EAA and EFTTA back Angling Trust in opposition to marine protection review
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Two of Europe’s top recreational fishing representative organisations have backed the UK industry’s opposition to a proposal to introduce a blanket ban on sea angling in Highly Protected Marine Areas (HPMAs) in the region.
The Angling Trust, the representative body for sea anglers in the UK, says that the recently published Benyon Review shows a lack of evidence and points to examples of successful multi-use marine conservation zones elsewhere in the world.
Its opposition to the ban has drawn the support of Europe’s trade body, EFTTA, and the European Anglers Alliance (EAA). Fred Bloot, EAA President, said: “We strongly support our UK member, the Angling Trust, and its comprehensive and well-documented response to the Benyon Review. We hope that its response will be read by many people, not least the advisors and decision-makers involved with MPAs.
“There is no doubt that our troubled seas need a helping hand, but to give the impression – as the review does – that the impact by rod and line fishing is comparable with extractive commercial exploitation such as dredging, trawling and drilling is to misguide our decision-makers and the public, to put it mildly.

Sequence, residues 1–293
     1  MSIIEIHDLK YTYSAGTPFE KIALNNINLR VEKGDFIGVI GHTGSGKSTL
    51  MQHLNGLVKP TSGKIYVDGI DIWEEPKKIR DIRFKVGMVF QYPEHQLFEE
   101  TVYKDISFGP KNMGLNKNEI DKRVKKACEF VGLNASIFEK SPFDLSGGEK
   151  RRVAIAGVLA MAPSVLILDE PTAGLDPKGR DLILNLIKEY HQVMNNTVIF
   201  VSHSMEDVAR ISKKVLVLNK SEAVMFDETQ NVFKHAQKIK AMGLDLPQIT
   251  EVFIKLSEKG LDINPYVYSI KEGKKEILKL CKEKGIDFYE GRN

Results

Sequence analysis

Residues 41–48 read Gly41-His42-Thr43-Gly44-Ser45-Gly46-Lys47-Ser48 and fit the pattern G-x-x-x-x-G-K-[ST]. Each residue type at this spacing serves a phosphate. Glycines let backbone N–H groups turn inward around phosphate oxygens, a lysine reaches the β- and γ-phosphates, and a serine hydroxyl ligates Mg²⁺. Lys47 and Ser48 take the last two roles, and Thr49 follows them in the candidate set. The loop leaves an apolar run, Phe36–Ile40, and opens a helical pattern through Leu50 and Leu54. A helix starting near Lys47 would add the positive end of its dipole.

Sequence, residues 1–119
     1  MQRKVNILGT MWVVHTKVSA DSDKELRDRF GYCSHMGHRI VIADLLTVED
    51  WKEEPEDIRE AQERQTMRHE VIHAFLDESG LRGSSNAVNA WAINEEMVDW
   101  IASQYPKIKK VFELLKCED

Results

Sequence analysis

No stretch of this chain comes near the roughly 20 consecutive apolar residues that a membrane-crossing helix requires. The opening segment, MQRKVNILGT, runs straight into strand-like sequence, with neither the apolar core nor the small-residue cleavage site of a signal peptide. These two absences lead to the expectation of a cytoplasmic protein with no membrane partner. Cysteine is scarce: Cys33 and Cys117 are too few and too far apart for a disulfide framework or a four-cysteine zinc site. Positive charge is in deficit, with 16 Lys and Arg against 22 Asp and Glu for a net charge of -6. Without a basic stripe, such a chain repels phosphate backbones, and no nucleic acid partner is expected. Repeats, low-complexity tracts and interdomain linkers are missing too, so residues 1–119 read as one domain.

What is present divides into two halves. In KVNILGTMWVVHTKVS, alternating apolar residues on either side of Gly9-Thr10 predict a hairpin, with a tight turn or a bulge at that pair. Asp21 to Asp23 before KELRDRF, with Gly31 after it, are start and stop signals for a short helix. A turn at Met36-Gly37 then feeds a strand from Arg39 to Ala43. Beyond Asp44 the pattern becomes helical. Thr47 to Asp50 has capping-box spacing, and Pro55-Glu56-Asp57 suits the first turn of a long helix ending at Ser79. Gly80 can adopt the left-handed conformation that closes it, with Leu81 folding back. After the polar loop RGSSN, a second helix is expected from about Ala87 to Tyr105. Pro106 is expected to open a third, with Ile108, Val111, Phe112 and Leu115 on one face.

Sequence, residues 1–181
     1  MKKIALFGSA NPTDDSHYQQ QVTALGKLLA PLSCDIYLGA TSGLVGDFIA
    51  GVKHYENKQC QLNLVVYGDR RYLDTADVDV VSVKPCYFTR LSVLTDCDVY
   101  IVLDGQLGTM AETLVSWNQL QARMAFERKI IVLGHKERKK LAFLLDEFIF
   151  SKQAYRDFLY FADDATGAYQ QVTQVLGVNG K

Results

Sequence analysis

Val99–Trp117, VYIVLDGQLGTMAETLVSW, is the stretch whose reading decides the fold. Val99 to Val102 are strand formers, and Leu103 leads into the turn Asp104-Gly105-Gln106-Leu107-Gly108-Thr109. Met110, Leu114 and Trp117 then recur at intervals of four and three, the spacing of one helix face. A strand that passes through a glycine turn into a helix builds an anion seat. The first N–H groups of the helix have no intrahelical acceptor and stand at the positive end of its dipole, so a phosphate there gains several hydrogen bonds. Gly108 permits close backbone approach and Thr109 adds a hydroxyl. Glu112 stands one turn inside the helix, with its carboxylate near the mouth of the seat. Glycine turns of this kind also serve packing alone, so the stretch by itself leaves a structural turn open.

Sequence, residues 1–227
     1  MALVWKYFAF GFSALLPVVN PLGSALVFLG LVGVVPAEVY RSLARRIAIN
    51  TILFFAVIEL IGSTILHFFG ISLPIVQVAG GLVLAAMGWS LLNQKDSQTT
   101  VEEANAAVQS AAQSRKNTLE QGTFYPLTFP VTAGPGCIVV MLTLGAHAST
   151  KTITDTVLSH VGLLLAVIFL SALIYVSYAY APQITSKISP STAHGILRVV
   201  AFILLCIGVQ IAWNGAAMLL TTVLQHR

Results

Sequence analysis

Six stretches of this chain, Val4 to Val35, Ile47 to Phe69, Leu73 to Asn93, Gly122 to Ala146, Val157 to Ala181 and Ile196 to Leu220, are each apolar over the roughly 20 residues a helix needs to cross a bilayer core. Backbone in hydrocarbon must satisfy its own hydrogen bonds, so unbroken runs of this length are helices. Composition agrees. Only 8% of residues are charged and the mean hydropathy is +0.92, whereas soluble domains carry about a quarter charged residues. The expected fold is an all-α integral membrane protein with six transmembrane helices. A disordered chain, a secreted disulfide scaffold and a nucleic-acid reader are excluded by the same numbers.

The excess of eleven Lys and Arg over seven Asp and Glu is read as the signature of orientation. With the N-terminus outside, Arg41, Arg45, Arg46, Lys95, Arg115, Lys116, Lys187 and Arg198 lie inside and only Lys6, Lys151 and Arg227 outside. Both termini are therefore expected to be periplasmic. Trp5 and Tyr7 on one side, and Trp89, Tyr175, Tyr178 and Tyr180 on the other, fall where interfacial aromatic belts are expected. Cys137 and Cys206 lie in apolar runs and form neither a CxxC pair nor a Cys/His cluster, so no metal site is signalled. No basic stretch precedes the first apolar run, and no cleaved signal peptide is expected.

“The Angling Trust wanted to be on the panel which produced the review, but its request was denied. Now we see the result. The review receives justified criticism for being biased, which could have been avoided if the Angling Trust had been on the panel.”
EFTTA CEO Olivier Portrat added: “The Angling Trust makes a strong case based on evidence that sea angling is not the problem in HPMAs, but part of the solution. The presence of anglers is important for both economic and monitoring reasons and data collection, which are big cost obstacles according to the Benyon Review.
“It says that to create a robust monitoring and data collection framework within HPMAs, government will need to make available significant resources. Funding requirements are likely to be higher than those directed to existing MPAs.
“Without a proactive attitude towards, and a positive inclusion of, the recreational angling community the HPMAs are deemed to be inefficient or even counter-productive for all the reasons mentioned in the Angling Trust’s response.”
The Trust’s response to the Benyon Review, sent to all Department of Environment, Food & Rural Affairs (DEFRA) ministers, highlights the fact that the review panel failed to include any representatives from the sea angling sector, and further points out that:
• Commercial fishing has been allowed to drive down fish stocks and important habitats have not been effectively managed;
• Sea angling generates considerable economic value yet is too often ignored or marginalised when decisions are taken;
• The panel’s claims that the impact of rod and line fishing are comparable with dredging, trawling and drilling are wholly unsubstantiated;
• There is a more rational solution to deliver conservation objectives and reduce economic pain for coastal communities;
• Ministers should work with recreational angling to examine the potential for multi-use marine protection areas, including specific ‘recreational only’ buffer zones.
In a letter to Environment Secretary George Eustice, Angling Trust CEO Jamie Cook requested the rejection of the ‘inaccurate aspects of the report’ and urged that recreational sea fishing become a key stakeholder in site selection, management and monitoring.